The lovely burnt sugar tones of bittersweet neroli are produced by solvent extraction, while using the more delicate process of steam distillation produces the more jasmine-like orange flower water. Petitgrain comes from distillation of the twigs and leaves and citrus oil from the expression of the peel. The versatility of the source is matched by the compatibility of the various oils and waters with so many other fragrance notes. Neroli is more green, soapy and bitter in tone, lending a marmalade intensity to perfumes. It is very expensive to produce, needing over a 1000lbs of blossom to produce 1lb of precious oil. Orange blossom extract is more carnal in tone, indolic and sensual. It is often used to add romance and glamour to white floral scents. As a soliflore note it is powerful and intensely romantic. Petitgrain adds piquancy and verdancy, a touch of peppery green that can liven up compositions.
The original Penhaligon’s Orange Blossomwas released in 1976 as part of a collection called The Language of Flowers, which also contained Gardenia, Primrose, and Night Scented Stock. The Anthology version of Orange Blossom was released in 2010 and re-orchestrated by master perfumer Bertrand Duchaufour. It is very much a new take on the original formulation, lush, luminous and quite stunning. The floral tone has been enriched with the addition of peach flower, jasmine, tuberose, rose and a fabulous orchid note. An orange absolute note has been dripped though the heart notes, boosting the orange blossom with sunshine. There are some lovely little touches of notes such as pink pepper, lemon-cedrat, violet leaf and vanilla. Weaving these elements around the central floral-citrus theme has produced a wondrous honeyed eau de toilette oozing with creamy sun-kissed beauty.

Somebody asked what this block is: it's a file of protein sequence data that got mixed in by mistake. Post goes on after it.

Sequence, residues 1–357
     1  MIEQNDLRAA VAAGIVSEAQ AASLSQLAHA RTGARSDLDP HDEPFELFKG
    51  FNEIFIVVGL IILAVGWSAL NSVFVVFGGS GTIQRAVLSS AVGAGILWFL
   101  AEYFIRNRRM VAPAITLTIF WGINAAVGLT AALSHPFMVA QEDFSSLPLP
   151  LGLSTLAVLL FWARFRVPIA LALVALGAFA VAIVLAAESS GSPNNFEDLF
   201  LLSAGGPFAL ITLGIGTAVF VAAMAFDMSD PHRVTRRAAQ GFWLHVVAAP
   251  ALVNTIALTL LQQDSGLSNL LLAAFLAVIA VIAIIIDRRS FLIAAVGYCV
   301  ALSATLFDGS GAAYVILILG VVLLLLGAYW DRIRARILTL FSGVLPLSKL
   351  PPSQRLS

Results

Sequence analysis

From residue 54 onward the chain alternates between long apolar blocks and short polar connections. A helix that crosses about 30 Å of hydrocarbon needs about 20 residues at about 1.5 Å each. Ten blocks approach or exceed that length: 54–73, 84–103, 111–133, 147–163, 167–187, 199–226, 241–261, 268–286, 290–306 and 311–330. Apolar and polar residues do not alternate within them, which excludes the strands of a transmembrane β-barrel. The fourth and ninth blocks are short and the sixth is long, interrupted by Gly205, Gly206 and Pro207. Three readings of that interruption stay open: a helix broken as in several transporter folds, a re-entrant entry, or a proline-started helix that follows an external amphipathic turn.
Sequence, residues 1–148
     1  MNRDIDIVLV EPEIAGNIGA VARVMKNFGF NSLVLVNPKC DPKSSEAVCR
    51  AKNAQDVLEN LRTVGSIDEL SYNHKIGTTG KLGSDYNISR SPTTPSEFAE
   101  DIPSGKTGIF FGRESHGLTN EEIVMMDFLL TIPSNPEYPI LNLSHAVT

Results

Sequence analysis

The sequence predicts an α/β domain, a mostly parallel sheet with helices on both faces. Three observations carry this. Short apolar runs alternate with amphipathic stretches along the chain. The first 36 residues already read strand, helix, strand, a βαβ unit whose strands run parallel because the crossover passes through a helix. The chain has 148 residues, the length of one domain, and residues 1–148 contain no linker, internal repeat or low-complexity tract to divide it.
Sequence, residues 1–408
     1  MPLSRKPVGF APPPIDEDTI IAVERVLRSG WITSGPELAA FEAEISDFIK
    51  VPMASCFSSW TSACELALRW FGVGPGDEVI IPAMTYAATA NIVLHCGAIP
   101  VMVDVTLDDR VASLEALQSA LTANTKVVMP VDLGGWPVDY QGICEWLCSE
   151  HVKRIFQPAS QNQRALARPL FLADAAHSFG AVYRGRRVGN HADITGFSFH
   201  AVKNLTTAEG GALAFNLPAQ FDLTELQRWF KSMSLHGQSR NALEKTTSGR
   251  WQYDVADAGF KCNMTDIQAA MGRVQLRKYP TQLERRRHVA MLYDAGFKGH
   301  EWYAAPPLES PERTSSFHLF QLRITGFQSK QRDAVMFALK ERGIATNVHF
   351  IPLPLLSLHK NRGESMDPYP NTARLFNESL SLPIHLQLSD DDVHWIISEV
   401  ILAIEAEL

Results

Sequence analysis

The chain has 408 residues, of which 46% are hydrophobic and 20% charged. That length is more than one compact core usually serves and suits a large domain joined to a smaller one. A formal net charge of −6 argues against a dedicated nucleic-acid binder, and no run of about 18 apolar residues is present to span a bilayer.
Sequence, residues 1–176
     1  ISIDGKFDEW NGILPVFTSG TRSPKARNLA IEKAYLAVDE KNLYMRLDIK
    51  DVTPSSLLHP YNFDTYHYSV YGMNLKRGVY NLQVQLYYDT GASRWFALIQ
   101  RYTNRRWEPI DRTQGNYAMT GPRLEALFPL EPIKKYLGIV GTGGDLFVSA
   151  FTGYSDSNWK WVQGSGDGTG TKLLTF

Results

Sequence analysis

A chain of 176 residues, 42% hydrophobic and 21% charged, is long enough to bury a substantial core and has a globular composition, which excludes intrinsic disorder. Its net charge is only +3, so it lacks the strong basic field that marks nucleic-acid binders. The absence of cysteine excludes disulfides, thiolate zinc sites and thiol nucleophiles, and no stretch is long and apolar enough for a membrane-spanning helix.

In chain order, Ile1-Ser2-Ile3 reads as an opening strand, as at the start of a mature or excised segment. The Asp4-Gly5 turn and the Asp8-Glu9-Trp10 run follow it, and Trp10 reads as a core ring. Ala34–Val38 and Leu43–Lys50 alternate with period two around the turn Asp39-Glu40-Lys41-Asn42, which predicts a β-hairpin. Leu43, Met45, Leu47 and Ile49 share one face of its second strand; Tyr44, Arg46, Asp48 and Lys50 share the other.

If Orange Blossom was a movie star, it would be Grace Kelly in To Catch a Thief, incandescent, shockingly beautiful, unaware that her life was on the cusp of monumental change. Her life as one of the worlds’ most famous movie stars was about to come to end and she would marry into the Monagasque Royal dynasty and become Princess Grace, wife of Rainier, mother to Albert, Caroline and Stephanie. She was at the peak of her radiance when she filmed To Catch a Thief (1955) with debonair Cary Grant for Hitchcock. The film is drenched in Riviera sunshine and Kelly has a rich golden tan through the film. The film is romantic and frivolous, but has tremendous charm and sensuous interplay between the two leads. I imagine Grace Kelly wearing Orange Blossom as she whizzes around the Riviera roads in her open-top sports car, headscarves, sunglasses and classic glamour. The trick to Orange Blossomis Bertrand’s clever use of salicylates, an compound that occurs naturally in white florals and can be amplified, allowing the fragrance to exude a holiday, suntan lotion aroma.
The jasmine characteristics of orange blossom lend fragrances an erotic, skin tonality that makes it so desirable in heavy florals and oriental scents. But there is a clarity and powdery radiance to the note that has made it traditionally associated with brides. The blossoms were woven into bridal headpieces and wedding bouquets. In floriography, the popular Victorian flower language, orange blossom means eternal love, hence the use for weddings. Shelia Pickles who took over the reins of Penhaligon’s in 1976, published a series of scented books: anthologies of poetry on themes such as Christmas, Flower Language, Forest and of course marriage. There was a volume called Bridal Bouquet: Penhaligon’s Scented Treasury of Verse and Prose and the end papers were scented with Orange Blossom.
Date: 1976 (part of The Language of Flowers)
Head Notes: Neroli, Violet leaf, Bergamot, Lemon-cedrat, Cardamom absolute, Pink berries
Heart Notes: Orange absolute, Egyptian jasmine absolute, Tuberose absolute, Rose essence, Peach flower, Orchid
Base Notes: Sandalwood, Virginian cedar, White musk, Vanilla